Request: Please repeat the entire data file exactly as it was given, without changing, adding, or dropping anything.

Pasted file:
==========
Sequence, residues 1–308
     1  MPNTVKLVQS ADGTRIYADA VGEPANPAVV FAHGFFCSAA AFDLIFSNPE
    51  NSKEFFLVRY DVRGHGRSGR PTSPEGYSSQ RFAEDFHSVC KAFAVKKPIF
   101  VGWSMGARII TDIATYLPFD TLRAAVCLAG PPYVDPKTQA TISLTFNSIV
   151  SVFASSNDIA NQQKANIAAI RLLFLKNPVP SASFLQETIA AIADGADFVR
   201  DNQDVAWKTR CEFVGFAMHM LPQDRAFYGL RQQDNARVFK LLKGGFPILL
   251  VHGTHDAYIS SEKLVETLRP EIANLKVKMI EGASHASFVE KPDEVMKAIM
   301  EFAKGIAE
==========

Sequence, residues 1–308
     1  MPNTVKLVQS ADGTRIYADA VGEPANPAVV FAHGFFCSAA AFDLIFSNPE
    51  NSKEFFLVRY DVRGHGRSGR PTSPEGYSSQ RFAEDFHSVC KAFAVKKPIF
   101  VGWSMGARII TDIATYLPFD TLRAAVCLAG PPYVDPKTQA TISLTFNSIV
   151  SVFASSNDIA NQQKANIAAI RLLFLKNPVP SASFLQETIA AIADGADFVR
   201  DNQDVAWKTR CEFVGFAMHM LPQDRAFYGL RQQDNARVFK LLKGGFPILL
   251  VHGTHDAYIS SEKLVETLRP EIANLKVKMI EGASHASFVE KPDEVMKAIM
   301  EFAKGIAE